Driving Away the Best Teachers by Francesca Burns

Driving Away the Best Teachers by Francesca Burns

NY Times

Francesca Burns has taught at middle schools and elementary schools in New York City since 1989. She currently teaches literacy to third- and fourth-grade students.

Testing already overtested children to collect some “hard” data to evaluate their teachers is yet another abominable idea that American politicians have picked out of the sky. While it has about as much chance as a passing cloud of improving teacher quality, it’s quite likely to worsen instruction for children and drive our best teachers out of the field.

High-performing nations -- like Finland, Japan and Singapore -- have more cultural differences than commonalities. When you consider those commonalities you have to wonder: Is the United States still located on planet Earth? In the nations that rank highest on the Programme for International Student Assessment, teachers are: respected professionals; trusted by school administrators; given the autonomy to make curricular decisions; planning and assessing in blocks of time built into their weekly school schedule; and encouraged, supported and expected to collaborate to improve instruction.

Who’s getting paid to design these assessments and the materials districts, educators and parents will scramble to purchase to help children prepare for them?

This testing-students-to-grade-teachers initiative is not coming out of what people who actually work with children in schools know. It is not even research-based: reasonably intelligent outsiders to the field could still steer us in a sensible direction. Instead, the plans are based on politics and soundbites, corporate sleight of hand (who’s getting paid to design this flotilla of assessments and the materials districts, educators and parents will scramble to purchase to help children prepare for them?) and high talk. In short: nothing.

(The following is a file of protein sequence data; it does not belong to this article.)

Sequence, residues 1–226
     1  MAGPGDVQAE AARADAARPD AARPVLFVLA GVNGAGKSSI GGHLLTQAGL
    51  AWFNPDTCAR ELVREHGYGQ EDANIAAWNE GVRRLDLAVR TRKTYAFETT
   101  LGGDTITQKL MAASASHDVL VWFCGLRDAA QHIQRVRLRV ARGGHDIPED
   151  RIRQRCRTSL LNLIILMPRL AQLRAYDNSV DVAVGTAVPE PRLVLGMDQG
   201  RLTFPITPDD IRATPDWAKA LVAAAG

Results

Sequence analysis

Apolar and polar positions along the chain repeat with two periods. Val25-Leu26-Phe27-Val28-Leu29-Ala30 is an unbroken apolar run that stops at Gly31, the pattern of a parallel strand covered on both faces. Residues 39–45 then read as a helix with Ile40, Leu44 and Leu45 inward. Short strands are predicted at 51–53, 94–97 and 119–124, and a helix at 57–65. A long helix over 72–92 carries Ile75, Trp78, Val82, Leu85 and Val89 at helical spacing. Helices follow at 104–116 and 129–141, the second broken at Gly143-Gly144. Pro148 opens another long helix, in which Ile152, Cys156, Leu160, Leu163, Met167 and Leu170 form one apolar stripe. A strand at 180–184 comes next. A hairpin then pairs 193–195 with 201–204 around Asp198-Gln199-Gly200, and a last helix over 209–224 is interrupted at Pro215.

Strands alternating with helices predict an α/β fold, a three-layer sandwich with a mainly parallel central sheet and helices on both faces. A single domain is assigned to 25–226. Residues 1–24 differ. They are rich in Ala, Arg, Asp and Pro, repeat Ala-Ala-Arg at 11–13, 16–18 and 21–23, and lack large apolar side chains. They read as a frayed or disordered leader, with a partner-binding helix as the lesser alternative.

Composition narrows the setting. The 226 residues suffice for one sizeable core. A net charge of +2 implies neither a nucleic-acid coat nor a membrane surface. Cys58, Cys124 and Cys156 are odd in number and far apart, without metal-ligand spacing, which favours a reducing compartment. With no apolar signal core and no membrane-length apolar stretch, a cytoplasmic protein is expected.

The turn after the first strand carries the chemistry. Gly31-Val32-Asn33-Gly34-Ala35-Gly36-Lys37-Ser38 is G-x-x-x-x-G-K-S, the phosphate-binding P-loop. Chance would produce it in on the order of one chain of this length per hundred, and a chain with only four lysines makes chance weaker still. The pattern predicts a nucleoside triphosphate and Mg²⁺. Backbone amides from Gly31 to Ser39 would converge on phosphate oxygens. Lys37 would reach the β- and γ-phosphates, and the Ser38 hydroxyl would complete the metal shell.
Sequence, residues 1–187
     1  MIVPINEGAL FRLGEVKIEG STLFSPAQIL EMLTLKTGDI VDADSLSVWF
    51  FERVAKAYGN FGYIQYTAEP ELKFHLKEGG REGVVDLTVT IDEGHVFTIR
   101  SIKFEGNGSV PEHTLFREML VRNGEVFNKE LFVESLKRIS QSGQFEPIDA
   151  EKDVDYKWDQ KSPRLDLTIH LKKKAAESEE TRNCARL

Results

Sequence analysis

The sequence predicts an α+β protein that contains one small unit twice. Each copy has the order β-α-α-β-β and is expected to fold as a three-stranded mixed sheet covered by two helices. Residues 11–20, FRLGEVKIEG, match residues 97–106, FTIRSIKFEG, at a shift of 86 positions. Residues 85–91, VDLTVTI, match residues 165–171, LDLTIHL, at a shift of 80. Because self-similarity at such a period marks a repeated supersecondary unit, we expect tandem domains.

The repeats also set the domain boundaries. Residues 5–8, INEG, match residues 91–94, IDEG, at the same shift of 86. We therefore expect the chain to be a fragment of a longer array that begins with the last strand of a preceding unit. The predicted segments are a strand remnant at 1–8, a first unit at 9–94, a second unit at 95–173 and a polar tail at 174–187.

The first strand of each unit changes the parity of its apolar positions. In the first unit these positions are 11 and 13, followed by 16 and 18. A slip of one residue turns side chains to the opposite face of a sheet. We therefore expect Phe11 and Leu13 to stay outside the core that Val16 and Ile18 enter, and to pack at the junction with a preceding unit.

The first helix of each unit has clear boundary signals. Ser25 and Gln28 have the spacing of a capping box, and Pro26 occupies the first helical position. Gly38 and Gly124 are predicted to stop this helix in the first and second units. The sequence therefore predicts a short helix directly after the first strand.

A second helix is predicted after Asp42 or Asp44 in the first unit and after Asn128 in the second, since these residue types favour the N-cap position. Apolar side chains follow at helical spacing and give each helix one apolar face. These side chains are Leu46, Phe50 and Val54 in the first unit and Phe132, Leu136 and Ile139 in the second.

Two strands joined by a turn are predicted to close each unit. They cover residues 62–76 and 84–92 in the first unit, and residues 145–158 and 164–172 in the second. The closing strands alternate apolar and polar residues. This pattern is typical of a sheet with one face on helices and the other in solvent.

If the purpose of evaluating teachers was to help improve instruction, we wouldn’t be testing children overtime and further narrowing curriculum to figure it out. We would be developing tools to measure the quality of the instruction teachers provide every day, and we would focus on only those qualities of sound teaching that are critical to student learning.

Optimal windows for reaching developmental milestones in reading, writing, math and science open and shut for children over time. By teaching to tests — which, let’s be honest is bound to happen; indeed it’s becoming our mandate — we are squandering opportunities for learning, and burdening our teachers with pointless tasks that highlight the latest educational “snake oil.” The disturbing result: our kids are saddled with learning gaps and deficiencies directly caused by their schooling.

If my child were sick, and the pediatrician looked at only one symptom and made a diagnosis, I wouldn’t trust that evaluation and I wouldn’t stand for such cut-rate treatment either. If a reporter interviewed one witness in a news story, he’d be fired. Why do we want a narrow, inaccurate, partial and costly evaluation of teachers through additional student testing? It flies in the face of the best that our “Common Core Standards” promises and demonizes teachers, chaining them to a myopic view of their job: pushing students to constantly meet meaningless short-term goals.

How long can our best teachers hang on in this plunge to the bottom? Sadly, I think we’ll find out sooner than we’d like.



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